The 1960s were a time of societal change and political unrest. Reflecting the changing roles of women in American society, the Women’s Division adopted new strategies for engagement and awareness of community needs.
“Come See” bus tours, a precursor to Associated mini-missions, enabled women to see firsthand how funds were allocated. In 1967, Women’s Division president, Jane K. Shapiro earned a spot on the “big board” of the Associated, validating women’s roles in the community.
Barely a month after Shapiro took office, the Six Day War began and the newly appointed leader organized a two-week emergency telephone campaign, raising more than $300,000. “The emotional response was so great that giving more than matched the intensity of the two-week campaign,” recalled Shapiro. “It was a frightening, exciting and stimulating time to be so involved.”
Women’s roles in the workforce were also changing, and the Associated Jewish Charities became a resource where women could connect, network and learn professional skills. The Young Matrons committee gave way to the Business and Professional Council, which in turn transitioned into the Young Women’s Leadership Council. Finally, in 2000, the group became Dor Tikvah: Women of Hope, Leaders for the Future—a two-year leadership development program for women who aspire to key positions within the Baltimore Jewish community.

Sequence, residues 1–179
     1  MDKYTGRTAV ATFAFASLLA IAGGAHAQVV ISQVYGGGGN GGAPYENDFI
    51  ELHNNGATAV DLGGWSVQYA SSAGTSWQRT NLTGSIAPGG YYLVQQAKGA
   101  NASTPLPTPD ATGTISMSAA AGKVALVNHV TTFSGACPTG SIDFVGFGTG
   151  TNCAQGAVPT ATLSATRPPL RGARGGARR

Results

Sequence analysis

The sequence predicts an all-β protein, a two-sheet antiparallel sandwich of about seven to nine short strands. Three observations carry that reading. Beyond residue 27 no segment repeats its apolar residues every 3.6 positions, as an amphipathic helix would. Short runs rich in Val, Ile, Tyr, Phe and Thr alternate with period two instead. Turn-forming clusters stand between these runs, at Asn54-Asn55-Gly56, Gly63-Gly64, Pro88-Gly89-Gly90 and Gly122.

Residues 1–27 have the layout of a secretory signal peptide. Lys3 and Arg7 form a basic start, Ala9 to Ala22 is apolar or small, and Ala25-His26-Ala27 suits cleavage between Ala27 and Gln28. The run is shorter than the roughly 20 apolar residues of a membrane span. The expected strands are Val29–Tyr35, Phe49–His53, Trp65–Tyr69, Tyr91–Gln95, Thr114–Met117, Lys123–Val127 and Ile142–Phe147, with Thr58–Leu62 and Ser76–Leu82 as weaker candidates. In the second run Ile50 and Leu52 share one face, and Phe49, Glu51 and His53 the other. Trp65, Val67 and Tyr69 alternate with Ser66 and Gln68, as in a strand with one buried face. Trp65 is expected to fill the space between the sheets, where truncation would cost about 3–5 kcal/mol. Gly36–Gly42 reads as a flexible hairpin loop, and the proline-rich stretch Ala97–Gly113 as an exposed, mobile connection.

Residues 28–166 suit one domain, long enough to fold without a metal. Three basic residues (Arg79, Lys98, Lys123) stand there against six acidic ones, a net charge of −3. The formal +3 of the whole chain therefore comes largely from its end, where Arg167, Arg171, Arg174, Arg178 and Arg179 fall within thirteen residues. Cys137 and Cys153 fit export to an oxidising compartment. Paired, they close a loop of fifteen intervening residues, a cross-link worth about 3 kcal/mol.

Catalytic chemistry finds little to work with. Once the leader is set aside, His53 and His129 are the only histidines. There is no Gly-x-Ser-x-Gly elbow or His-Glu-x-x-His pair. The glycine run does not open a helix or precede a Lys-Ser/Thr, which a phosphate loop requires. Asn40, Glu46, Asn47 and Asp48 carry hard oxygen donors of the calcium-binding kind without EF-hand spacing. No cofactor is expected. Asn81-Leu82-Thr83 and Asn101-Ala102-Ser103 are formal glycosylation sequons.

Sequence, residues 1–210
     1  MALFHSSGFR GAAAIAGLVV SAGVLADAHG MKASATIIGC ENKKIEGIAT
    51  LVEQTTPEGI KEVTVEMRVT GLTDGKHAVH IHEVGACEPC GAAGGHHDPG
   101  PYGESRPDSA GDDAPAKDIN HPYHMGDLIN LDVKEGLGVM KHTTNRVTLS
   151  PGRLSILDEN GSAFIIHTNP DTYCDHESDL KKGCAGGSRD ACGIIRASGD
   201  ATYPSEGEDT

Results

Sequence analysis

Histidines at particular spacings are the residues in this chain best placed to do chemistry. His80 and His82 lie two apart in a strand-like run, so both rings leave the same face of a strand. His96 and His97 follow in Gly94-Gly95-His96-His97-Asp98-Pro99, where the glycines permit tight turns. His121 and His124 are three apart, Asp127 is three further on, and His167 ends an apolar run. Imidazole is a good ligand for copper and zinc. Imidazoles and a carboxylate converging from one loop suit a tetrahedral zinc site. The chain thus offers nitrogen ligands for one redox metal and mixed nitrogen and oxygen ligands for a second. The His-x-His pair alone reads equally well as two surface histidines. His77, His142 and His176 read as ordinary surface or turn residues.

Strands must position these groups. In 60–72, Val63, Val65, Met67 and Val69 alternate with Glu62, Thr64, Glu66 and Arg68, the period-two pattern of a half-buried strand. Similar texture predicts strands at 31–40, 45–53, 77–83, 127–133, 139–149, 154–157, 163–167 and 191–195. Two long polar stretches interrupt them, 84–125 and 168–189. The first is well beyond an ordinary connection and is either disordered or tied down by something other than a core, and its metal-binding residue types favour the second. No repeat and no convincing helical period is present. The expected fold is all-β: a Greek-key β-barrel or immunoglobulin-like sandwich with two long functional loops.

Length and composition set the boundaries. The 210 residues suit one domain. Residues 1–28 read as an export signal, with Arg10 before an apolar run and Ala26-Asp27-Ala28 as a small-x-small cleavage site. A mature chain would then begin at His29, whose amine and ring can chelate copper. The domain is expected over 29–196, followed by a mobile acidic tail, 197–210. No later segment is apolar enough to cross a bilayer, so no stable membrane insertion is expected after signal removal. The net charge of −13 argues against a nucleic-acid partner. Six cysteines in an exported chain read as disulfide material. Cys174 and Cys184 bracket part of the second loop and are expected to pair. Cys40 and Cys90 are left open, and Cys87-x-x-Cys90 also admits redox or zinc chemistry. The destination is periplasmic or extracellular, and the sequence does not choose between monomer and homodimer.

The early ‘90s saw the first woman, Shoshana S. Cardin, become board chair of The Associated, and in 1993, the Women’s Division got a new name—the Women’s Department.
Women’s groups continued to address social and community issues, including developing service projects for the influx of Soviet Jews to Baltimore, programs for new parents, and establishing CHANA, the only Baltimore Jewish organization addressing domestic violence.
In 2009, the Women’s Department was once again renamed to Associated Women, recognizing that the new name represented a broader, open place for all women.
With a new name came other initiatives, such as the Jewish Women’s Giving Foundation, in which members pool their resources to make grants in the Jewish and secular communities, both locally and overseas; Chapter Two, for empty-nest women looking to grow as Jewish women; and the Inspired Women’s Project, in which women meet monthly to discuss topics such as personal growth, spirituality, Israel engagement, Jewish traditions, community involvement and women’s philanthropy; and Chapter Three, for women 60 plus to engage in meaningful discussions around diverse topics.
Although the roles of women at The Associated have expanded over the past 75 years, their original mission of helping Jews in their communities and around the world has remained a constant.
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